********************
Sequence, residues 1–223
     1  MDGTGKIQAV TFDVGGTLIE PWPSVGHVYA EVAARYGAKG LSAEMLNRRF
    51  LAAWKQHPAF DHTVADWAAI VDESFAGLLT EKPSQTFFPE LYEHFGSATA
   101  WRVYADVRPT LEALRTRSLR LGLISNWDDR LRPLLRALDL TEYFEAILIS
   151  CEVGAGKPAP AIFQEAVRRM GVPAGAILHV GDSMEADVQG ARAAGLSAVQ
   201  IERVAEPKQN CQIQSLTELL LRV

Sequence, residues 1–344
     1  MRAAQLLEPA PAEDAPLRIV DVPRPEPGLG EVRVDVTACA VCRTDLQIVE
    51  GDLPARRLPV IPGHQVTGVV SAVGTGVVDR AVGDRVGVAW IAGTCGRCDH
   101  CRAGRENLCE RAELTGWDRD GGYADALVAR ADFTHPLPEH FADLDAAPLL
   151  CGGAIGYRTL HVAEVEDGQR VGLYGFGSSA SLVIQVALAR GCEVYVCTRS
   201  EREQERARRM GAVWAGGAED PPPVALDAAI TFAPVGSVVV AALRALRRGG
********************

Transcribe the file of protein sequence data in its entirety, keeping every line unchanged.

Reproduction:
Sequence, residues 1–223
     1  MDGTGKIQAV TFDVGGTLIE PWPSVGHVYA EVAARYGAKG LSAEMLNRRF
    51  LAAWKQHPAF DHTVADWAAI VDESFAGLLT EKPSQTFFPE LYEHFGSATA
   101  WRVYADVRPT LEALRTRSLR LGLISNWDDR LRPLLRALDL TEYFEAILIS
   151  CEVGAGKPAP AIFQEAVRRM GVPAGAILHV GDSMEADVQG ARAAGLSAVQ
   201  IERVAEPKQN CQIQSLTELL LRV

Sequence, residues 1–344
     1  MRAAQLLEPA PAEDAPLRIV DVPRPEPGLG EVRVDVTACA VCRTDLQIVE
    51  GDLPARRLPV IPGHQVTGVV SAVGTGVVDR AVGDRVGVAW IAGTCGRCDH
   101  CRAGRENLCE RAELTGWDRD GGYADALVAR ADFTHPLPEH FADLDAAPLL
   151  CGGAIGYRTL HVAEVEDGQR VGLYGFGSSA SLVIQVALAR GCEVYVCTRS
   201  EREQERARRM GAVWAGGAED PPPVALDAAI TFAPVGSVVV AALRALRRGG